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Physical activity and dual disease burden among South African primary schoolchildren from disadvantaged neighbourhoods

Gerber, Markus and Müller, Ivan and Walter, Cheryl and du Randt, Rosa and Adams, Larissa and Gall, Stefanie and Joubert, Nandi and Nqweniso, Siphesihle and Smith, Danielle and Steinmann, Peter and Probst-Hensch, Nicole and Utzinger, Jürg and Pühse, Uwe. (2018) Physical activity and dual disease burden among South African primary schoolchildren from disadvantaged neighbourhoods. Preventive medicine, 112. pp. 104-110.

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Official URL: https://edoc.unibas.ch/63921/

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Abstract

People from low- and middle-income countries still face challenges stemming from parasitic infections. Additionally, non-communicable diseases (NCDs) and their risk factors are rapidly increasing, which puts South African children at an elevated risk of a dual disease burden, with negative consequences for child development and wellbeing. Contrastingly, regular physical activity (PA) is associated with decreased cardiovascular disease (CVD) risk. Therefore, the objective of this study was to examine whether PA is associated with the double infection-CVD phenotype burden in South African schoolchildren. 801 children (402 boys, 399 girls; mean age 9.5 years) from eight schools from disadvantaged neighbourhoods were included. Data assessment took place between February and March 2015 in Port Elizabeth, South Africa. Children who achieved PA recommendations (physically active on 6-7 days/week for at least 60 min), who were active, but below recommended standards (2-5 physically active days/week), or who were insufficiently active on almost all days (0-1 physically active days/week) were compared with regard to systolic and diastolic blood pressure, body mass index (BMI), percent body fat, and infection with soil-transmitted helminths. Moderate and high self-reported PA levels were associated with lower BMI, lower body fat, and lower risk of being hypertensive. Conversely, children with high self-reported PA were more likely to be infected with soil-transmitted helminths than peers with low PA levels. Promoting PA in disadvantaged areas is worthwhile to prevent NCD later in life, but should be combined with regular anthelminthic treatment to comprehensively improve children's health and wellbeing.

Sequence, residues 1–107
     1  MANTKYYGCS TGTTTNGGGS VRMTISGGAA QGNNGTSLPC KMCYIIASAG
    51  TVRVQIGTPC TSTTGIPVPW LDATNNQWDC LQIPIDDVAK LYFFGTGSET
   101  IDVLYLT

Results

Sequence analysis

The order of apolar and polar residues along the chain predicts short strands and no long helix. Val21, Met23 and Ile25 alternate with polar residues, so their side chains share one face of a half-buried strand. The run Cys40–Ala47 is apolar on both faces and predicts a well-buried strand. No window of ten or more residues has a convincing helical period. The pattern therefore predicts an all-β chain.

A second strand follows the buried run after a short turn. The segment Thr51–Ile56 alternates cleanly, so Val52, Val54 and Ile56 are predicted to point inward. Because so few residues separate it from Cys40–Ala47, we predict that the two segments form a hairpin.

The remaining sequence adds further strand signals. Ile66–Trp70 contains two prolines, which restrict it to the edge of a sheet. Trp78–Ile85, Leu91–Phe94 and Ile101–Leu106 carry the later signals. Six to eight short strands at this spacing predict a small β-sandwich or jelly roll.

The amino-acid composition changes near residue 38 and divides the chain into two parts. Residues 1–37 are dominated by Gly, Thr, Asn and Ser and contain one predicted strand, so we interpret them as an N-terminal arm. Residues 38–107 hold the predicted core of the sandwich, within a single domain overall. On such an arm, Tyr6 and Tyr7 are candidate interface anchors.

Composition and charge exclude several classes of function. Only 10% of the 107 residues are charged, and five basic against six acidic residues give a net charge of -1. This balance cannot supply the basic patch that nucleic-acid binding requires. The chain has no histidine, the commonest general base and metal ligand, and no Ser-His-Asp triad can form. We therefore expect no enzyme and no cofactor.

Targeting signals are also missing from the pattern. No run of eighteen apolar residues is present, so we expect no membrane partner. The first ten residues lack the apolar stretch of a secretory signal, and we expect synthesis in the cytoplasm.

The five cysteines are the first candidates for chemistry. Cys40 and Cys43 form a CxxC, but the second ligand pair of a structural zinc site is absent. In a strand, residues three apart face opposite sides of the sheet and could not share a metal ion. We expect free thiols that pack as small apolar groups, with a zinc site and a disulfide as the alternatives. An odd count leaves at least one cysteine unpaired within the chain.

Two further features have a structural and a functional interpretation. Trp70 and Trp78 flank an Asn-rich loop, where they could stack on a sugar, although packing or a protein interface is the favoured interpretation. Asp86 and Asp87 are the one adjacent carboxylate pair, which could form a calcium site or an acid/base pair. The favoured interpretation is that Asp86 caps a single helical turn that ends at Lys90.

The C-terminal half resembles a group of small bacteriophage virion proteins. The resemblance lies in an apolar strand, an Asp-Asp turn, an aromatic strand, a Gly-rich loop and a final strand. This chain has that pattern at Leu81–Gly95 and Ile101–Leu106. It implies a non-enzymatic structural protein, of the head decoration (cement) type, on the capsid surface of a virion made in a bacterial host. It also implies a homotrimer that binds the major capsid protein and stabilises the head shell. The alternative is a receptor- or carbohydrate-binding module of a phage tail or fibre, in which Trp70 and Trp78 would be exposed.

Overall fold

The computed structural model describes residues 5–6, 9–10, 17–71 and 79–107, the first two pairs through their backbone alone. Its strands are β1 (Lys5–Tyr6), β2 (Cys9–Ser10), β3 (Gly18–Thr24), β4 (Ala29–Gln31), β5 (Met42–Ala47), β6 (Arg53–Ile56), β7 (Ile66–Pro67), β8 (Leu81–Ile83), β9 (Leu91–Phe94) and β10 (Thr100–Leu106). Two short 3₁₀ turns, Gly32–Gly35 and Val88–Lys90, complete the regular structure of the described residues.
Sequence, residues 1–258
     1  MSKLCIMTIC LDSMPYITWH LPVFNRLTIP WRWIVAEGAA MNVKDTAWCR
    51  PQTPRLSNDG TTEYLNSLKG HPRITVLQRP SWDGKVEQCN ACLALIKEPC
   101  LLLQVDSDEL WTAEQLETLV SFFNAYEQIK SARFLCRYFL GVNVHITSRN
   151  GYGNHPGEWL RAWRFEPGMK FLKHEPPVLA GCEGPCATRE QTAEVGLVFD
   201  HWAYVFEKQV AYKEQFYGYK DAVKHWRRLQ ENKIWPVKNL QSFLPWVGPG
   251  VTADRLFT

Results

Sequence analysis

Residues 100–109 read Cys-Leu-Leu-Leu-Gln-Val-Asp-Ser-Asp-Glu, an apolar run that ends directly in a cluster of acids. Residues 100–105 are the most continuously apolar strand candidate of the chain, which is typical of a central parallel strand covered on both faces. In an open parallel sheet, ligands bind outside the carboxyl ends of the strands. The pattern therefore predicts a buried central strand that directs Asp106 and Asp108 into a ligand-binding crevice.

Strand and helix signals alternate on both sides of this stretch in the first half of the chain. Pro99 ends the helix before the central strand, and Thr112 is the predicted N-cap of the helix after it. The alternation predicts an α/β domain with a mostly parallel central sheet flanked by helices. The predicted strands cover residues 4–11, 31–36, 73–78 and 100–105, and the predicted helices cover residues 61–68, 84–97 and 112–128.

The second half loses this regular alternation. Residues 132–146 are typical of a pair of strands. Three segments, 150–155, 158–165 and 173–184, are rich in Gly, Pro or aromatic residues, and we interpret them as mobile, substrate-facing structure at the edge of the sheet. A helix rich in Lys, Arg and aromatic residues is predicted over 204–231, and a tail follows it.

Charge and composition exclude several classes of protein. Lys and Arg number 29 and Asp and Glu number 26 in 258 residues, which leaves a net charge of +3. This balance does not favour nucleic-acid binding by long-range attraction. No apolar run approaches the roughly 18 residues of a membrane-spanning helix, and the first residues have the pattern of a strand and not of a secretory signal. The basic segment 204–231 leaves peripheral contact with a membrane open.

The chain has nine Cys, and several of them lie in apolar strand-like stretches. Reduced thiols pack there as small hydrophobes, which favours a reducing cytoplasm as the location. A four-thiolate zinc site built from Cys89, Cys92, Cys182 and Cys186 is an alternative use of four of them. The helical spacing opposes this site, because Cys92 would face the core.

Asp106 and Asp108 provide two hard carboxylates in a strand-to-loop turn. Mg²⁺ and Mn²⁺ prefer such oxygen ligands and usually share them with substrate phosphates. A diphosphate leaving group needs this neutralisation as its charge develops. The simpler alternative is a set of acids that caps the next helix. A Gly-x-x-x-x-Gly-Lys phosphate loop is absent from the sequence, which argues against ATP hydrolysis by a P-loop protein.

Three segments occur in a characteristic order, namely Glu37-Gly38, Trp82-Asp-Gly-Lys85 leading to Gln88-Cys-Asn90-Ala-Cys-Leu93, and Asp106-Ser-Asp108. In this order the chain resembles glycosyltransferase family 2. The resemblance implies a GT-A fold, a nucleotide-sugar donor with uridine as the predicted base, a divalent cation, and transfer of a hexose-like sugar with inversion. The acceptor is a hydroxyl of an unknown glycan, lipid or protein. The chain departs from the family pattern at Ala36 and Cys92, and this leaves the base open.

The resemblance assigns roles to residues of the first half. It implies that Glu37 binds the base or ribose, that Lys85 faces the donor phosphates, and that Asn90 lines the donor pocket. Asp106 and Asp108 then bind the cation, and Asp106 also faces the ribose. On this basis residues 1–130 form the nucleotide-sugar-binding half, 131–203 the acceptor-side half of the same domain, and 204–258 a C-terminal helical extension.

Faculties and Departments:09 Associated Institutions > Swiss Tropical and Public Health Institute (Swiss TPH) > Department of Epidemiology and Public Health (EPH) > Chronic Disease Epidemiology > Genetic Epidemiology of Non-Communicable Diseases (Probst-Hensch)
03 Faculty of Medicine > Departement Public Health > Sozial- und Präventivmedizin > Genetic Epidemiology of Non-Communicable Diseases (Probst-Hensch)
09 Associated Institutions > Swiss Tropical and Public Health Institute (Swiss TPH)
09 Associated Institutions > Swiss Tropical and Public Health Institute (Swiss TPH) > Department of Epidemiology and Public Health (EPH) > Eco System Health Sciences > Health Impact Assessment (Utzinger)
09 Associated Institutions > Swiss Tropical and Public Health Institute (Swiss TPH) > Swiss Centre for International Health > Health Systems Support (Prytherch)
03 Faculty of Medicine > Departement Sport, Bewegung und Gesundheit > Bereich Sportwissenschaft > Sport und psychosoziale Gesundheit (Gerber)
03 Faculty of Medicine > Departement Sport, Bewegung und Gesundheit > Bereich Sportwissenschaft > Sportwissenschaften (Pühse)
UniBasel Contributors:Steinmann, Peter and Probst Hensch, Nicole and Utzinger, Jürg and Gerber, Markus and Müller, Iwan Martin and Gall, Stefanie and Pühse, Uwe
Item Type:Article, refereed
Article Subtype:Research Article
Publisher:Elsevier
ISSN:1096-0260
Note:Publication type according to Uni Basel Research Database: Journal article
Identification Number:
Last Modified:04 Jul 2018 08:06
Deposited On:03 Jul 2018 08:41

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